How to Leave a Legacy to AIDS Services Foundation Orange County
We are often approached on different ways supporters can give to ASF. One meaningful way is through legacy planning within your estate plan. In most cases, the most generous gift you can make to ASF is ensured by naming ASF as a beneficiary of your gross estate and/or as a remainderman (receiving the remainder of your estate after all other bequests have been provided). We have found that this is a great way donors are able to express the impact ASF has on their lives. In fact, through legacy planning, ASF has received over $1.3 million in support over the lifetime of the organization. It has been an integral part of our funding through the years.
Here are the answers to Frequently Asked Questions on how you can give a legacy to ASF. These answers are merely for guidance. We are always happy speak to you to help develop your unique method to give to ASF.
We recommend that you consult an estate planning professional who can evaluate your individual circumstances and create a plan that is appropriate to you. We are more than happy to discuss your planned giving or guide you to a qualified estate planning professional. Please contact Chris Bragg, ASF director of development, at 949-809-8760 or firstname.lastname@example.org for more information.
One of the simplest ways to support ASF is to remember ASF in your Will.
How do you leave ASF a bequest?
An individual may include ASF as a beneficiary of a percentage of your estate, a set dollar amount or of a particular asset. You should note that for these bequests, your estate will receive an estate tax deduction for the full value of your bequest to ASF.
How do I add ASF to my estate plan?
It’s pretty easy – the detailed designation is:
AIDS SERVICES FOUNDATION OF ORANGE COUNTY
17982 Sky Park Circle, Suite J
Irvine, CA 92614-6482
There are other ways to make an estate gift to ASF besides a gift through your Will. These include assets in living trusts, qualified retirement plans, and the proceeds from life insurance policies. You may name ASF as a beneficiary of any of these assets or as a contingent beneficiary in the event that the primary beneficiary is no longer living at the time of your death.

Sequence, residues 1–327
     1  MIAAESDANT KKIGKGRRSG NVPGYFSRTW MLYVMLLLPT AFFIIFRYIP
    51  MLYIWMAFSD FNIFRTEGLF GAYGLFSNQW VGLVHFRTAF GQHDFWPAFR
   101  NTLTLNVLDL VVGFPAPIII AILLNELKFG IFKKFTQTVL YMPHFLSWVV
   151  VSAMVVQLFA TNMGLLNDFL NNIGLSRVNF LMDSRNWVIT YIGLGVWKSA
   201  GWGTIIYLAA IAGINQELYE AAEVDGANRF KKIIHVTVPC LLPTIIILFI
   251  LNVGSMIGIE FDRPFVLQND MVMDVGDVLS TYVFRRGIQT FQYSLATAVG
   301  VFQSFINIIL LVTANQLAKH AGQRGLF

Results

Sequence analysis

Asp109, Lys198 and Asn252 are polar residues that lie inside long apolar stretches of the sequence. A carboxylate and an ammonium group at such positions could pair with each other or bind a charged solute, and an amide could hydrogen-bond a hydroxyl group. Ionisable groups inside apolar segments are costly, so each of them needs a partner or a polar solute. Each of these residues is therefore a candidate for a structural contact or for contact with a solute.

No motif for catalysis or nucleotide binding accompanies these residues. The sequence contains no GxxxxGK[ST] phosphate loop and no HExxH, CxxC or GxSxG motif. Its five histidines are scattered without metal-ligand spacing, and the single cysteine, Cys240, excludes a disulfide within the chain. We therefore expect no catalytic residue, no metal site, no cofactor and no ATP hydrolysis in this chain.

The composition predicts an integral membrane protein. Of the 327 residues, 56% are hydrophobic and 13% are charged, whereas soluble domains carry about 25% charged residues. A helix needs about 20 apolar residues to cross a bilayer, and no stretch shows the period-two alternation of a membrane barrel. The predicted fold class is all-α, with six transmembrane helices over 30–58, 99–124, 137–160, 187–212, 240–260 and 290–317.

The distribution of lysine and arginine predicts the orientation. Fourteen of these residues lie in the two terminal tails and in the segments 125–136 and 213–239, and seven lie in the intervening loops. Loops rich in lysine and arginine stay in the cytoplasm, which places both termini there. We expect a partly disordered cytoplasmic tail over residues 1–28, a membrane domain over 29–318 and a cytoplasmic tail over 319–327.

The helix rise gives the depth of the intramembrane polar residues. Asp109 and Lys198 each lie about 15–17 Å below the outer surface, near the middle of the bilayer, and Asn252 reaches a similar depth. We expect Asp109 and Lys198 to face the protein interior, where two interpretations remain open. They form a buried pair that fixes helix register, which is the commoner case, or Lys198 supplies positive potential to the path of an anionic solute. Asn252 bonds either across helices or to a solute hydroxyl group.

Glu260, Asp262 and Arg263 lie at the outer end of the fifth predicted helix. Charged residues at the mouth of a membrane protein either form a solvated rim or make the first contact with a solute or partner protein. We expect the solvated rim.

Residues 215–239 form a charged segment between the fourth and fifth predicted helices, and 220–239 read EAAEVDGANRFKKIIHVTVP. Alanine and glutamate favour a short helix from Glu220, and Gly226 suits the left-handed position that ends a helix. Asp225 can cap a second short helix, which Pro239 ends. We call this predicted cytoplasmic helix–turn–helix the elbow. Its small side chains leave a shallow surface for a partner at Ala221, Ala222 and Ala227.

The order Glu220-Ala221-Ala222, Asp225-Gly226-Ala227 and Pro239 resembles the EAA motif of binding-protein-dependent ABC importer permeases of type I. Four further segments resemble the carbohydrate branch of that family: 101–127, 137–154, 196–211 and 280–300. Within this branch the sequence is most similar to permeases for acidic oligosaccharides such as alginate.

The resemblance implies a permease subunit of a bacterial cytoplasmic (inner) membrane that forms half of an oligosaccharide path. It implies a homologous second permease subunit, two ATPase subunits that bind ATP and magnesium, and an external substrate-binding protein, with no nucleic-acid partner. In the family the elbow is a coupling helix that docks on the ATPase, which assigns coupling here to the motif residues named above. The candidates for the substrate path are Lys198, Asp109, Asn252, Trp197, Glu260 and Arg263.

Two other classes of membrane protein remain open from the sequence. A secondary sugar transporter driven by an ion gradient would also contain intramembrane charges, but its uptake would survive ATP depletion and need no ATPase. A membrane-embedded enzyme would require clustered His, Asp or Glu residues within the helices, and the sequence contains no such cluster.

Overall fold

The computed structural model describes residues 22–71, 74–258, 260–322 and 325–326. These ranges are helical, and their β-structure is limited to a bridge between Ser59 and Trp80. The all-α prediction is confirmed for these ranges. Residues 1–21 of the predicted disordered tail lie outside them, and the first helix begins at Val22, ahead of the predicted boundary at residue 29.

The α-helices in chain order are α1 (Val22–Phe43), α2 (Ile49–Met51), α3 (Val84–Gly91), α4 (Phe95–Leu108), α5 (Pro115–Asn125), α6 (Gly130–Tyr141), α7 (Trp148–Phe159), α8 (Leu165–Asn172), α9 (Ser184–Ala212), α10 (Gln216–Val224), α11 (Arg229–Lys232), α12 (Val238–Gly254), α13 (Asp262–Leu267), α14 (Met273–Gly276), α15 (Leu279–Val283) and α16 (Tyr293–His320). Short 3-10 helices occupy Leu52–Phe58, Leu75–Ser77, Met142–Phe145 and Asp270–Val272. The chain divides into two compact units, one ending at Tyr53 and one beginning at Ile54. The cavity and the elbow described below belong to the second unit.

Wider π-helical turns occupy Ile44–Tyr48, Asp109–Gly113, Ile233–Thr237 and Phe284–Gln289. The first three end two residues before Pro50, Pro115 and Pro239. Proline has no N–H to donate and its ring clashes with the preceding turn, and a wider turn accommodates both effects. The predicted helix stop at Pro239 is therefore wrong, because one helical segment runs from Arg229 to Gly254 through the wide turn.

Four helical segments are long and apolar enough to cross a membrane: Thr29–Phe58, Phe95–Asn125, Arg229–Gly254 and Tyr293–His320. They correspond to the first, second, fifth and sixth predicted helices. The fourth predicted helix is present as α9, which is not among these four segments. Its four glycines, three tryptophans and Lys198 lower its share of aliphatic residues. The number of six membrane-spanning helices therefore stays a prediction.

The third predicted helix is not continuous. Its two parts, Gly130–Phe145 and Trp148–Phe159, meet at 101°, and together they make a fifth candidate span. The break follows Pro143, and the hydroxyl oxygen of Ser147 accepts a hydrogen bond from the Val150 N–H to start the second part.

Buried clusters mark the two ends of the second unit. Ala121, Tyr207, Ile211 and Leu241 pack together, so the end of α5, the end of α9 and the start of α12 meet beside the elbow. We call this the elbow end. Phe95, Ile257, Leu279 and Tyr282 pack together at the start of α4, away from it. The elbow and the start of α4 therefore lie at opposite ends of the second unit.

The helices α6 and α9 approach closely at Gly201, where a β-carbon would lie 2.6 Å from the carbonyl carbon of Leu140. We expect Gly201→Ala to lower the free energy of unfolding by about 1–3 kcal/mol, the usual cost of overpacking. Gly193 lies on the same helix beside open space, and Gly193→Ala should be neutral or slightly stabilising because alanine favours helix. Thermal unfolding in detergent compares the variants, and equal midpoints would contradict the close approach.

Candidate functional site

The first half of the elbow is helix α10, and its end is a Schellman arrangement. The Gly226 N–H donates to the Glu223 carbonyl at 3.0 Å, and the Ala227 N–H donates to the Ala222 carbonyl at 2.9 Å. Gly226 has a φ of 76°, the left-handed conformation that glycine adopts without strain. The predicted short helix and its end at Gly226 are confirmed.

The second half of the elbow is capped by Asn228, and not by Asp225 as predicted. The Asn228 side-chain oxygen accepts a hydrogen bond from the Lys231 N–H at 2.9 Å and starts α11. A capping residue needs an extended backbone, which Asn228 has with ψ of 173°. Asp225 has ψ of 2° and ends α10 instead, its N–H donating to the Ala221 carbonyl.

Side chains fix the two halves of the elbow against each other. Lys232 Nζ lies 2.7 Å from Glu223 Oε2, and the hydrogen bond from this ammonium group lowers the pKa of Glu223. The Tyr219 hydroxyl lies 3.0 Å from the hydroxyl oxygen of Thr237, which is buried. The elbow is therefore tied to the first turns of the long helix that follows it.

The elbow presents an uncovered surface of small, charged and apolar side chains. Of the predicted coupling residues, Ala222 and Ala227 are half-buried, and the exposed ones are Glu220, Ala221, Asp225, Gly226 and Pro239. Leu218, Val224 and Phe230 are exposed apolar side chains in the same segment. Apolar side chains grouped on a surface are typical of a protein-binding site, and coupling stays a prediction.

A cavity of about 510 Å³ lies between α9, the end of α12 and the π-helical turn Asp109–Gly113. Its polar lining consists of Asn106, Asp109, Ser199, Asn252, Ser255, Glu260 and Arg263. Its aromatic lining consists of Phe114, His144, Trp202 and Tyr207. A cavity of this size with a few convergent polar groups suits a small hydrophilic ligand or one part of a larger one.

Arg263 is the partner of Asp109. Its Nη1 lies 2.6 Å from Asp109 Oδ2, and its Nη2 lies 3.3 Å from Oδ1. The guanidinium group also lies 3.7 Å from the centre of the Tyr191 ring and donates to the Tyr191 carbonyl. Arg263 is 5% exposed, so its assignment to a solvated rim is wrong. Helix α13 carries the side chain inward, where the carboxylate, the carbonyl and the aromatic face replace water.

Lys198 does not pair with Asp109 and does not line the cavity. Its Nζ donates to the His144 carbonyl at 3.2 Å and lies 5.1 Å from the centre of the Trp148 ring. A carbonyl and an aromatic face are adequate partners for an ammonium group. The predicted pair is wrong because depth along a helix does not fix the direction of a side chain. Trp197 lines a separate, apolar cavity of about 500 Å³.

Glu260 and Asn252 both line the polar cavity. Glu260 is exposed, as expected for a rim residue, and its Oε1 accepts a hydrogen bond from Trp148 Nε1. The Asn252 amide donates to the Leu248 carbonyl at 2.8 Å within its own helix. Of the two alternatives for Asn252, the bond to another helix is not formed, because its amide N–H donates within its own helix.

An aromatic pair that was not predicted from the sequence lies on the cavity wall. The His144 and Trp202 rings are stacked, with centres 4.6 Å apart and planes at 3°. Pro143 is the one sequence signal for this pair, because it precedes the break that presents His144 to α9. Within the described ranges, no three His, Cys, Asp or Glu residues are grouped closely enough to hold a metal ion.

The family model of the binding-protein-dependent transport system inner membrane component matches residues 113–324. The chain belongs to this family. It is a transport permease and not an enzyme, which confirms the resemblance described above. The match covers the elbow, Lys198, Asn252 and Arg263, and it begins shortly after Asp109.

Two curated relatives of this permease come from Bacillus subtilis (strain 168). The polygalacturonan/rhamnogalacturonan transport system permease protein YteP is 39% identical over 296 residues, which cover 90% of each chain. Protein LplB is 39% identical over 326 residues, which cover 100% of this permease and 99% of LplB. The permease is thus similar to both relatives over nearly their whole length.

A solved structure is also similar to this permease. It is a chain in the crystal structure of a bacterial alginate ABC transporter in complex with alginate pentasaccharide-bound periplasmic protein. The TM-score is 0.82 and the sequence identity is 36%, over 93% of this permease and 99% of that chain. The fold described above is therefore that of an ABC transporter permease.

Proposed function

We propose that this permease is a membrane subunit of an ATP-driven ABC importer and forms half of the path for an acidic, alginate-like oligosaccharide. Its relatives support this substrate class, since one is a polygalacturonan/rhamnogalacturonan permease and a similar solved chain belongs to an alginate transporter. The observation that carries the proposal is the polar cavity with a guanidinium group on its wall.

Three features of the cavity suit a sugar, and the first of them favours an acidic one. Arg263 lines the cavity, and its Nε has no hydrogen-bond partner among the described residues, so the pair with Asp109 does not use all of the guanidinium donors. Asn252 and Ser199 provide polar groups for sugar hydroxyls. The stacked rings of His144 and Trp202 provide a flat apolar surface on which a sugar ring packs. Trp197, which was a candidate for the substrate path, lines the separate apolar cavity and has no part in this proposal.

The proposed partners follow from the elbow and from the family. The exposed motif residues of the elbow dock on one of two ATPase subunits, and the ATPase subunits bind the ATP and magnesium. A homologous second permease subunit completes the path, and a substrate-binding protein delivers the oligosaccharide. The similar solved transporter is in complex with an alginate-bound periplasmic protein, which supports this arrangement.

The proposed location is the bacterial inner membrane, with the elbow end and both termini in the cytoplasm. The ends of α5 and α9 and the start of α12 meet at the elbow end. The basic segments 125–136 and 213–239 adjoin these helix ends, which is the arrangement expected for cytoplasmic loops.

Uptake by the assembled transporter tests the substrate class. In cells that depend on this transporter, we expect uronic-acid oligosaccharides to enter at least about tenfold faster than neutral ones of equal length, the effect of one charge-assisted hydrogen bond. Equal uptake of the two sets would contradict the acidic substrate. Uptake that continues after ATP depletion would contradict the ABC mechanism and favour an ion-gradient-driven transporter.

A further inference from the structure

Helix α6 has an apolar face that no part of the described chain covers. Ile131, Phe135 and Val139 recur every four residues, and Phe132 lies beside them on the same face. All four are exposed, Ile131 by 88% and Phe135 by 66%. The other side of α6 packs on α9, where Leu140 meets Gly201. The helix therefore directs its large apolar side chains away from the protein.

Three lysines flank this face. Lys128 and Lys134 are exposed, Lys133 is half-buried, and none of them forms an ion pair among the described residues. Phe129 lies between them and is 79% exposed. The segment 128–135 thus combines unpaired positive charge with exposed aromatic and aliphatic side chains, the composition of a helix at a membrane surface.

Some people establish living trusts to provide for the current management of assets or for the future management of assets in the event they become incapacitated. ASF may be named beneficiary of your living trust.
IRA, KEOGH, 401(k), and Other Qualified Retirement Plans
Naming ASF as a beneficiary of assets remaining in your qualified retirement plans after your lifetime is considered particularly wise tax planning. This is because retirement plans left to individuals, other than a spouse, are taxed more heavily than most other assets. However, estate taxes and income taxes are avoided if a charity, such as ASF, is named as a beneficiary. ASF generally will receive 100% of your plan assets.
Life Insurance Policies
Designating ASF as a beneficiary of a life insurance policy is a simple and commonly used way to leave a legacy and take advantage of tax benefits. While life insurance is not taxable for income tax purposes, it is taxable for the estate tax calculation. A gift to ASF alleviates this tax burden.
Charitable Remainder Trusts allow you to make a gift to ASF that will enable you or others to enjoy enhanced income for your life time or a specified term of years. You choose the percentage payout you wish to receive (not less than 5%). When the trust terminates, ASF receives the remaining principal.
There are two types of trusts:
Why do a Charitable Trust?
A charitable remainder trust can sell appreciated assets that you donate without incurring the capital gains tax or income tax that would ordinarily be due on a sale. You will generally receive an immediate income tax deduction. For gifts of cash, stock or real estate that you have owned more than a year, your deduction is equal to a percentage of your gift’s fair market value.
ASF is a 501(c)(3) tax-exempt organization. Tax ID#: 33-0126481